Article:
Rotation combats costly nematode issue

Author: | Date: 27 Aug 2015

Image of Bundaberg district cane and peanut grower Neville Loeskow with Department of Agriculture and Fisheries (DAF) senior agronomist and project leader of the Grains Research and Development Corporation (GRDC) funded Coastal Solutions Group, Neil Halpin.

The move to a cane/peanut crop rotation has dramatically changed the nature of farming for Bundaberg district growers Neville and Jason Loeskow over the past 20 years.

Not only has it generated substantial improvements in crop productivity, input costs for the management of nematodes have also been slashed since the mid-1990s delivering savings of nearly $200,000 a year.

The Loeskows purchased the 1600 hectare property in the 1960s and operated it as a cattle enterprise before expanding into irrigated cane production during the 1970s and 1980s.

However by the 1990s they had begun incorporating peanuts as a rotational break crop to help control rapidly escalating root lesion (Pratylenchus zeae) and root-knot (Meloidogyne spp) nematode populations.

In the past, the family regularly applied nematicide at a cost of approximately $2 per tonne of cane produced but the introduction of a non-host crop like peanuts into the farming system has meant that the costly nematicide applications are no longer required.

While that alone has heralded significant improvements to crop gross margins, Jason Loeskow said there have been additional agronomic, yield and operational benefits of shifting to a legume rotation.

 “On this marginal soil, it’s very important to incorporate a rotation crop like peanuts - it has increased our cane yields to where we expect an autumn planted crop to average 140 tonnes per ha, the first ratoon about 120t/ha and the second at about 100t/ha,” Mr Loeskow said.

“With no rotation, we had 80t/ha, 60t/ha and 40t/ha on the initial, first ratoon and second ratoon respectively. This was largely due to no legume, no rotation, no break crop.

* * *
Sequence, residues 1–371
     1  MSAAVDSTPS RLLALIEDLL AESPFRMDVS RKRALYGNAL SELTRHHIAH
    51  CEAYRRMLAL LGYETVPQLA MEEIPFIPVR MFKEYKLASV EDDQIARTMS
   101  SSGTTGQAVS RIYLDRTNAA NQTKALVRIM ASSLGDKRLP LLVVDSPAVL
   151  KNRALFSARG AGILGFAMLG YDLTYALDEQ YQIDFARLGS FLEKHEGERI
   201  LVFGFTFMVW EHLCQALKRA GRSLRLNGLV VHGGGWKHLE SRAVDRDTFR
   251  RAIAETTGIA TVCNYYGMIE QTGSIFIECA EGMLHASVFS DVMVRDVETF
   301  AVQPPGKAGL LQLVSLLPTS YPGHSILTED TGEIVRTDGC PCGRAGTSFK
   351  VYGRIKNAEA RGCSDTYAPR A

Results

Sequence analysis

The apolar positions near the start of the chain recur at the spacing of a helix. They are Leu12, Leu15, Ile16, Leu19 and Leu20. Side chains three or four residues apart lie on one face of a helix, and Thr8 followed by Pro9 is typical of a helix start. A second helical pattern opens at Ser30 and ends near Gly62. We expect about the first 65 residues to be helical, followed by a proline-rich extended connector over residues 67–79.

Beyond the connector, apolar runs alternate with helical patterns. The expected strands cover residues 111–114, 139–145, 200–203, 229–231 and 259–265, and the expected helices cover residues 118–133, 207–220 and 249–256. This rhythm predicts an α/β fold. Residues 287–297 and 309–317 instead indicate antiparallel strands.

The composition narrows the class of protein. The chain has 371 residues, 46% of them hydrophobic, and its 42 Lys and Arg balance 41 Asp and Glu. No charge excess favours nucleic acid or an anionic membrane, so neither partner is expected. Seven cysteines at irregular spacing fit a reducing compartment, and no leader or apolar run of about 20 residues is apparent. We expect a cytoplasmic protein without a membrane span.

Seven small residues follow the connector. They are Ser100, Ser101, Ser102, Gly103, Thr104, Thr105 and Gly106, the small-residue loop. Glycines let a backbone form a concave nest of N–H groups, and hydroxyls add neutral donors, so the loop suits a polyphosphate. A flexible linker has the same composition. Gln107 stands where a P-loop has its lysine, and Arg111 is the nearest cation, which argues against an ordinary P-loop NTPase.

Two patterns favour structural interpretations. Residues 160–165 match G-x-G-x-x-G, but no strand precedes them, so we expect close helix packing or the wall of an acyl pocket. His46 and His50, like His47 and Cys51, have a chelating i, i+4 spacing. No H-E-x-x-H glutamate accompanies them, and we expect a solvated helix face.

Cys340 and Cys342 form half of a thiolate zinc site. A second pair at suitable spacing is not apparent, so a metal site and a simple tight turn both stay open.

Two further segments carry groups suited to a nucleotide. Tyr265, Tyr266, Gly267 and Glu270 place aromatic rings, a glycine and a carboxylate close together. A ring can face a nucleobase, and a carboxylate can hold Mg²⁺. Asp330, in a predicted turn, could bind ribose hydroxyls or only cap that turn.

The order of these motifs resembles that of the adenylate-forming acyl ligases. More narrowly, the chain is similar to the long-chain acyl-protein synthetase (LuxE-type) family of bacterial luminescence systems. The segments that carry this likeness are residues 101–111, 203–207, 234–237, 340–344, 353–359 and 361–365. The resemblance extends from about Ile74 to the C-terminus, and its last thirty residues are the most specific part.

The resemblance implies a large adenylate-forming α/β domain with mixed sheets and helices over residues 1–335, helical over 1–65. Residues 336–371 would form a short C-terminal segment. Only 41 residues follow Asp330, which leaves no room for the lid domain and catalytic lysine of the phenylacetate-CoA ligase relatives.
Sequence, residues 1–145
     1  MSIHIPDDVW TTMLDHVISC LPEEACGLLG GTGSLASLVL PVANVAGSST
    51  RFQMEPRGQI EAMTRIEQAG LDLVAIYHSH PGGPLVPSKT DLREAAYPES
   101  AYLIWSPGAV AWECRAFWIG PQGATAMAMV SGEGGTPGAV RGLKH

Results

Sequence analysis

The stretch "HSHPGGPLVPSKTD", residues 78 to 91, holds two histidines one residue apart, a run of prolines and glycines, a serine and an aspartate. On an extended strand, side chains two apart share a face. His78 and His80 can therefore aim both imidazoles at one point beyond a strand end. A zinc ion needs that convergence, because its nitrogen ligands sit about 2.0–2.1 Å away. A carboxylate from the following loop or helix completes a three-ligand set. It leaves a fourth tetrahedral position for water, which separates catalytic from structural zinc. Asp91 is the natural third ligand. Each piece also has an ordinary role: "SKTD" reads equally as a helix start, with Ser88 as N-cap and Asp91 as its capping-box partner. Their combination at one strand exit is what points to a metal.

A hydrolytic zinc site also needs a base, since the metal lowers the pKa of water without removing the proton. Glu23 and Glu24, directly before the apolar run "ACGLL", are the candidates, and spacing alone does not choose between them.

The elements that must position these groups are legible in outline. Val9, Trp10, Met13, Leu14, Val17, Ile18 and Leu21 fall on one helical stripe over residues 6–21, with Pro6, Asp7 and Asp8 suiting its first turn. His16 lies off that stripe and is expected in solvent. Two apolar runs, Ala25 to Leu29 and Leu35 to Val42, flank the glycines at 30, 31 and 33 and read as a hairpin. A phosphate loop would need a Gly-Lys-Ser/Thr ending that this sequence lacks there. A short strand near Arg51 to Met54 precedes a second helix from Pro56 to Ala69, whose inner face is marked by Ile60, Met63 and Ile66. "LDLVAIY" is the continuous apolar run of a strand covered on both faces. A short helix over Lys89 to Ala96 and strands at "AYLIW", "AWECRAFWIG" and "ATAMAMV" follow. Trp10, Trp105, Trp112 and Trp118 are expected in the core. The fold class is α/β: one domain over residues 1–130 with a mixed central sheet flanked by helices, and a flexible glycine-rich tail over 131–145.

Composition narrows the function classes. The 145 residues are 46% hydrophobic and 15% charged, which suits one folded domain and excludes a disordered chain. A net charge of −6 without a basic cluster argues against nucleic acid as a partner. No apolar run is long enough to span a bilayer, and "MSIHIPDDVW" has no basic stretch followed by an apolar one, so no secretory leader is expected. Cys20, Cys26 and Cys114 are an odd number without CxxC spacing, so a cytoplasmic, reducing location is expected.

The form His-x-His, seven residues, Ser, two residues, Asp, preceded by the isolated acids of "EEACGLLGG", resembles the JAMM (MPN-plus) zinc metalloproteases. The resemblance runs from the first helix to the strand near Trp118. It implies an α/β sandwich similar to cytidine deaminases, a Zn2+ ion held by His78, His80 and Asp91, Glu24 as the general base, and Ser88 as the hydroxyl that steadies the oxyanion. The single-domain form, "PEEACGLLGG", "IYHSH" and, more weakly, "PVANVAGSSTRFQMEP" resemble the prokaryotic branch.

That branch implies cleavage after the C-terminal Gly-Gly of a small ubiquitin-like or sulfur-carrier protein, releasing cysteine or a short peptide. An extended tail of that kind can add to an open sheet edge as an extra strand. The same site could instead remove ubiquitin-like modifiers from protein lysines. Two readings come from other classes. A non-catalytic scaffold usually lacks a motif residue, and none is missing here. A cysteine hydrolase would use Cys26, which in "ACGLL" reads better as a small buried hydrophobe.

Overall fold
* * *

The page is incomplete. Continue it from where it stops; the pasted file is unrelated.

“It has also given us a wider range of options for weed control and enables us to keep our workforce employed for the full 12 months of the year as the peanut season fits into the quieter time of year for the sugarcane.”

Department of Agriculture and Fisheries (DAF) senior agronomist and project leader of the Grains Research and Development Corporation (GRDC) funded Coastal Solutions Group, Neil Halpin, said nematode survey work had highlighted the severity and extent of the issue in the Bundaberg cropping region and therefore the need for growers to consider a long term rotational farming system.

“Survey work undertaken by Dr Graham Stirling from Biological Crop Protection found that plant parasitic nematodes were a much larger issue in cane growing regions than previously thought with Pratylenchus zeae found in every paddock sampled in the central coastal region of Queensland,” Mr Halpin said.

“Local trial work has shown that in a monoculture, six beneficial nematodes exist for every one plant parasitic nematode.

“But after a rotation, that ratio changes from 136 beneficial nematodes for every one plant parasitic nematode, clearly demonstrating the enormous benefits of a well-planned and well-executed rotational cropping program to soil biology, soil health and plant production.

“The challenge remains to further improve soil health; to build suppression to adverse biology. Crop rotation, controlling traffic, retaining crop residues and reducing tillage are our current ‘tools of choice’ in managing the nematode threat in coastal sugar-based farming systems.”

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